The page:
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May, R. (1985). Internalization in Narcissism: The Problem of Disillusionment. Brit. J. Psychother., 1(3):187-196.

(1985). British Journal of Psychotherapy, 1(3):187-196

Internalization in Narcissism: The Problem of Disillusionment

Robert May

One of the areas of liveliest interest, and controversy, in American psychoanalysis over the last fifteen years has been that of narcissism. (For the purposes of this paper I include both psychoanalysis proper and the adjoining field of psychoanalytic psychotherapy). The two major voices have been those of Otto Kernberg (1974) and Heinz Kohut (1977). Each has constructed an extensive theory of how the narcissistic aspect of human character develops, what is internally amiss in serious narcissistic difficulties and what therapeutic strategies are best calculated to put it right.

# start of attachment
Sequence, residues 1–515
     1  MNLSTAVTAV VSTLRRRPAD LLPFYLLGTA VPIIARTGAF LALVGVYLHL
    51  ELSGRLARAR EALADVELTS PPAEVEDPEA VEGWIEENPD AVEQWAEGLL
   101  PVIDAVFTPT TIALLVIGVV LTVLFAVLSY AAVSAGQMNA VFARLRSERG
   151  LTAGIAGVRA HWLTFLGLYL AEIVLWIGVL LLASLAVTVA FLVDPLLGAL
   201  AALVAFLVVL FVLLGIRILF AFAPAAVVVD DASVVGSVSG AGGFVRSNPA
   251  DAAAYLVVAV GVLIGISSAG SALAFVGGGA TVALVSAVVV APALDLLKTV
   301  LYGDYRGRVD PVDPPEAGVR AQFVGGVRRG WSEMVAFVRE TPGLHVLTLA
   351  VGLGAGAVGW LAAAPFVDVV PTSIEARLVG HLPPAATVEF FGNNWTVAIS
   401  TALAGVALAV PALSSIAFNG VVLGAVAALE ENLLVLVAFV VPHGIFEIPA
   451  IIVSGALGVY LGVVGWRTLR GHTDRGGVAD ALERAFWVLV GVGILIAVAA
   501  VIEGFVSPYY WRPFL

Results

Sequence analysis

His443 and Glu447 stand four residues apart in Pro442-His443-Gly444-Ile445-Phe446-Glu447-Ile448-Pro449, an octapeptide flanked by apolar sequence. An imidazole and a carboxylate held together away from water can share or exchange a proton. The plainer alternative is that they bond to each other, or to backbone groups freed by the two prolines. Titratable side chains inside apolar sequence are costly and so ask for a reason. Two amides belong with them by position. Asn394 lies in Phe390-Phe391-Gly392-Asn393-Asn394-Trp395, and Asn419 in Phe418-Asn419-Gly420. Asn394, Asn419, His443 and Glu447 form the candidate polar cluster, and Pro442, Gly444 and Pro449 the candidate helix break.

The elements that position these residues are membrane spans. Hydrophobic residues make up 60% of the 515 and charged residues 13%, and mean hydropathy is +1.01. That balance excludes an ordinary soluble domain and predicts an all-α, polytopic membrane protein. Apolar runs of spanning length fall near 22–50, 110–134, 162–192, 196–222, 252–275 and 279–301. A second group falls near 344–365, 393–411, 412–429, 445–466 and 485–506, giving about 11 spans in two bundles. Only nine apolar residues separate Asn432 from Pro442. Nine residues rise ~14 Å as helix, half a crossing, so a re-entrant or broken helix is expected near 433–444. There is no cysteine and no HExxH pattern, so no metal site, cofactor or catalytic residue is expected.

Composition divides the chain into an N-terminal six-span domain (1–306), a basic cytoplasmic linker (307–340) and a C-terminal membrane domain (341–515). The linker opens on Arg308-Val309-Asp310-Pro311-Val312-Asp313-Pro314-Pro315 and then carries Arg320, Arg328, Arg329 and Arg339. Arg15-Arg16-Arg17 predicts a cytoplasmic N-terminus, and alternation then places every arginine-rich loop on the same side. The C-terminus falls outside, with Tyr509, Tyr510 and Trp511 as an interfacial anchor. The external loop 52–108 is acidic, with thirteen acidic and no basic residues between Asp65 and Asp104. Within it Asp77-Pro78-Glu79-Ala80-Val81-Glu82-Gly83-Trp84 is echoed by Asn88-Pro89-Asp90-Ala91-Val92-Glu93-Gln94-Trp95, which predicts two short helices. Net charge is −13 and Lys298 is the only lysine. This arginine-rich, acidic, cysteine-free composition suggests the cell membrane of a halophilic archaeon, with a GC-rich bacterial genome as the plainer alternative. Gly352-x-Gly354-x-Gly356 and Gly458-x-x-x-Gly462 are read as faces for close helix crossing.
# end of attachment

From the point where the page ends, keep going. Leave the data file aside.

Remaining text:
It is intriguing that this debate, often boisterous at close range, has had few reverberations in Britain or Europe. One could put this down to the inevitable national parochialism which plagues psychoanalysis, or to the ways in which narcissism seems a quintessentially American concern and is less culturally, and thus clinically, prominent elsewhere. But also important, it seems to me, is the way in which Kernberg and Kohut represent attempts, complex and useful attempts, to introduce into American ego psychology some theoretical and technical emphases which are already familiar in the British school of psychoanalysis.

Kernberg is forthright about his debt to the work of Melanie Klein and he has laboured quite effectively to integrate some Kleinian notions into American ego psychology (this has been done in the face of what has often seemed a ritual reflex of denigrating Klein on the part of American analysts).

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